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Plenty of African-American events in Florida

Jay Blue jams out as the Jay Blues Band performs at the Tampa Bay Black Heritage Festival's Old School in 2011 at Curtis Hixon Waterfront Park in Tampa.


Jay Blue jams out as the Jay Blues Band performs at the Tampa Bay Black Heritage Festival's Old School in 2011 at Curtis Hixon Waterfront Park in Tampa.

From Eatonville's Zora Neale Hurston Festival of the Arts and Humanities in late January to Sunrise's Grace Jamaica Jerk Festival in November, Florida lures African-Americans all year long, with a calendar rich in cultural, professional and culinary events.

They come for food, friends and football, beaches and business, music and motorcycles -- at events stretching from Pensacola to Miami Beach.

In May, more than 5,000 filmmakers, executives and movie fans converge on Miami Beach for the American Black Film Festival. The three-day event is considered the "leading venue for African-American and urban content," and also features premieres of short films, narrative and documentaries.

The 2013 festival will feature the debut screening of Kevin Hart's concert movie Kevin Hart: Let me Explain at the Ritz Carlton and the Colony Theater.

For those whose visual entertainment preferences tend toward live action, May in South Florida offers up Urban Beach Week, five days of concerts, parties and unstructured revelry in Miami Beach around Memorial Day weekend.

Before that, however, winter's long chill prods Northerners and Midwesterners to turn their attention to the Jazz in the Gardens in Miami Gardens, where each March some of the best voices in R&B perform. According to organizers, more 63,000 people walked through the turnstiles in 2013. Most came from outside South Florida, hailing mainly from the Caribbean, Canada and the continental United States.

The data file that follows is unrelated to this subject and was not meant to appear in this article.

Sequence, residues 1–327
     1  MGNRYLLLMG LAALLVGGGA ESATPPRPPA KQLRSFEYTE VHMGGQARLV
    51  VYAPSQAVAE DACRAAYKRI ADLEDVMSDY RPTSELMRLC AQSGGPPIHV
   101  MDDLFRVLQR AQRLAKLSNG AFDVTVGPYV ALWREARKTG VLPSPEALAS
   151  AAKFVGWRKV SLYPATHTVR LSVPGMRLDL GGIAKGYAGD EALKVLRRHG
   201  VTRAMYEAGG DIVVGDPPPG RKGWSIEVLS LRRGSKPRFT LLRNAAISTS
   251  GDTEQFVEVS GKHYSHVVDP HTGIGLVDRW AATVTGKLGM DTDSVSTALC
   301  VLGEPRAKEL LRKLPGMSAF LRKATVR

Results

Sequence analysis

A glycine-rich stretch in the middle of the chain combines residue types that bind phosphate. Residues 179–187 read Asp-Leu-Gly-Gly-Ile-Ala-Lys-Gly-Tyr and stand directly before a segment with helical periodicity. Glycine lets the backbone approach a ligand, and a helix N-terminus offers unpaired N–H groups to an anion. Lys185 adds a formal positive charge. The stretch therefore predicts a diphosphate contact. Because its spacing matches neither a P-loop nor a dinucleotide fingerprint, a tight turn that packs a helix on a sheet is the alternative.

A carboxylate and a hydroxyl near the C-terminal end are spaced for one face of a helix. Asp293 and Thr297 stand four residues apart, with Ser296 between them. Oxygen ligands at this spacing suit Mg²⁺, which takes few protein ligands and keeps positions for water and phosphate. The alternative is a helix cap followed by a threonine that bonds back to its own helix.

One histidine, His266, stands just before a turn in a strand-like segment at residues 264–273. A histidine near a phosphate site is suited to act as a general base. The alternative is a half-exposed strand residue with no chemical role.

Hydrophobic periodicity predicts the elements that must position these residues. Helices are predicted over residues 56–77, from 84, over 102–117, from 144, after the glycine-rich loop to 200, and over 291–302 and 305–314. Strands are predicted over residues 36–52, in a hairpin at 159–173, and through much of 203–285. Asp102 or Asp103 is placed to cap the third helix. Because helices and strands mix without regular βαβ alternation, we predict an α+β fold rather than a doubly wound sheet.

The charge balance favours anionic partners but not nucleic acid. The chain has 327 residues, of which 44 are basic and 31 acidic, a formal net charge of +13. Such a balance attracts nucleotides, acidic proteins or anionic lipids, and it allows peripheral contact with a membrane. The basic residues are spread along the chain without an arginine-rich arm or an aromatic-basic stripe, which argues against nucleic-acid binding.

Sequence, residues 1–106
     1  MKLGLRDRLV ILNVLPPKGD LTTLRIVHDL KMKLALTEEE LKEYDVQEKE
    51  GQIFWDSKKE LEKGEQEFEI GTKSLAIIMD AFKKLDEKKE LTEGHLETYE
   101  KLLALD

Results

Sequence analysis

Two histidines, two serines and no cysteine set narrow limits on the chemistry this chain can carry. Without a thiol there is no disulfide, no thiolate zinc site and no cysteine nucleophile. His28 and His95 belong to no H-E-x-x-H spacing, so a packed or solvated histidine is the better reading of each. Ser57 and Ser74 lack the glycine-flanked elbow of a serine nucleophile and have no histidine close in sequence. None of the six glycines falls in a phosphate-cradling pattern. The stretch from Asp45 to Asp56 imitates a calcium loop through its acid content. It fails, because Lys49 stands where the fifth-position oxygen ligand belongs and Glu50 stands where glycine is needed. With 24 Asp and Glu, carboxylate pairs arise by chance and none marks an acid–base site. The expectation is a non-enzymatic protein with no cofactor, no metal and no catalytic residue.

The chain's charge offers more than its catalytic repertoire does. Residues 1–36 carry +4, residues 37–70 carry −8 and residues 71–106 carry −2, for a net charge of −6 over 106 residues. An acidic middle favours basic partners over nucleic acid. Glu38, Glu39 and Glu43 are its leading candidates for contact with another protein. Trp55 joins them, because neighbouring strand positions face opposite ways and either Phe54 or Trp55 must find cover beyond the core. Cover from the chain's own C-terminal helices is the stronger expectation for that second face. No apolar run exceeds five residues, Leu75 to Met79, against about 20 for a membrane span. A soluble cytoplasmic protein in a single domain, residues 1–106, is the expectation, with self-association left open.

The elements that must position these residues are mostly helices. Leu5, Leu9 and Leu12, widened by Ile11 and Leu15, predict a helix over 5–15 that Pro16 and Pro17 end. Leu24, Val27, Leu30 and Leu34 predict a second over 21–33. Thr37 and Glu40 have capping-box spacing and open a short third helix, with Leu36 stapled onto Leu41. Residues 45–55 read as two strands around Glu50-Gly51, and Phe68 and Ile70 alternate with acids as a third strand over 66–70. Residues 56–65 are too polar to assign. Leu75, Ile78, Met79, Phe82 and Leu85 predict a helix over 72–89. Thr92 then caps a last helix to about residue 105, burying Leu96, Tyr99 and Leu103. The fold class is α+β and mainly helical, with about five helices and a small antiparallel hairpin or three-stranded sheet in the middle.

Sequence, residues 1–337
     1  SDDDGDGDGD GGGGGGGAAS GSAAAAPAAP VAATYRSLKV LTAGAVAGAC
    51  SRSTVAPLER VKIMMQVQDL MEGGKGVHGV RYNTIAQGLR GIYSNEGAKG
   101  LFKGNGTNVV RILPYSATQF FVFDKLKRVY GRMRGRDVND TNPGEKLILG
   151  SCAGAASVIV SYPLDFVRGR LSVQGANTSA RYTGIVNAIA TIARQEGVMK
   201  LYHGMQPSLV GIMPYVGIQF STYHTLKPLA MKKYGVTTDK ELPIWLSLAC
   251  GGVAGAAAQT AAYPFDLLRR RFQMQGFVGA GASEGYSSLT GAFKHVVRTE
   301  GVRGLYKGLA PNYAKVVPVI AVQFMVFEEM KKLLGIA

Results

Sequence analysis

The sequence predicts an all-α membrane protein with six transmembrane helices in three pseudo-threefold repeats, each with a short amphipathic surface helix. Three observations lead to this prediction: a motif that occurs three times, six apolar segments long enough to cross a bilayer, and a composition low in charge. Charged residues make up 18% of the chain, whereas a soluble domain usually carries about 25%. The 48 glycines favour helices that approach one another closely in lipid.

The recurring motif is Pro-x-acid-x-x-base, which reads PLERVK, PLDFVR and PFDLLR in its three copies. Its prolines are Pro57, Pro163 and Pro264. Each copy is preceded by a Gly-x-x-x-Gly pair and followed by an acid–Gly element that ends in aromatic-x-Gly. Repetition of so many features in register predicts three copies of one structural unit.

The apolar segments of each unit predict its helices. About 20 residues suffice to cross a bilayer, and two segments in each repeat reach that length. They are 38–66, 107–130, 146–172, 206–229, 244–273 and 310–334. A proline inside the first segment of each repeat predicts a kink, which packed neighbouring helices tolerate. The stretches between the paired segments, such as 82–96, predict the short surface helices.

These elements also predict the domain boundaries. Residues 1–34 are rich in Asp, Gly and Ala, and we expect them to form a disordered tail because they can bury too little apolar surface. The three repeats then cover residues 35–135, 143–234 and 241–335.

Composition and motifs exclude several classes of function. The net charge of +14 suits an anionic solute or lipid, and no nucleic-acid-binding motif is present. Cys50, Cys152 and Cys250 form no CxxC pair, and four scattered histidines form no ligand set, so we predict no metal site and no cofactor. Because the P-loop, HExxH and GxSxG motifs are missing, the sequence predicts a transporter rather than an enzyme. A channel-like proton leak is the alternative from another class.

Over the years, stars including Mary J. Blige, Jill Scott, John Legend, Frankie Beverly & Maze, Chaka Khan and Gladys Knight have graced the stage at Sun Life Stadium. In 2013, the Festival in the Gardens didn't disappoint. Mary Mary, Najee, New Edition, Charlie Wilson and the timeless Earth Wind & Fire thrilled concertgoers such as Grant Walker. For the Atlanta-based marketing executive, Jazz in the Gardens has become an annual pilgrimage.

Walker lived in South Florida for years but never attended the festival until after he moved to Atlanta. That first year, he brought along three friends. A year later, he brought along 35 friends. The number rose to 100 and then 130 in March 2013. When the gathering started to grow, destination planner Vanessa Adams in Phoenix, Ariz., took over the travel arrangements, Walker said.

"We come from everywhere in the country – L.A., New York, Atlanta, Chicago, Detroit, North Carolina, Charlotte, D.C., Portland – you name it," said Walker, who is part of a Facebook group that celebrates all things Jazz in the Gardens.

"We had such a good time," he said. "We invited some more friends. Everyone normally brings five or six new people every year."

This year, Walker and his group of festivalgoers arrived on a Thursday. There was a welcome dinner on Friday night. On Saturday morning, the group took the Miami Millionaire Row boat tour before a bus drove members to Sun Life Stadium for the concert. On Sunday, the revelers began the day at Gulfstream Park racetrack, then finished up with the festival's concert finale.

"It's more fun than you can ever believe," said Walker. "It's like adult spring break for all of us."

Business and pleasure

While Jazz in the Gardens and other music festivals are magnets for merriment, the annual Black Enterprise Women of Power Summit at the Waldorf Astoria in Orlando is all about business. In 2013, the three-day event attracted about 700 female business executives and entrepreneurs in big groups from "Atlanta, Dallas, New York, Philadelphia, D.C,. California -- really all over," said Alyssa Fant, events program director for Black Enterprise.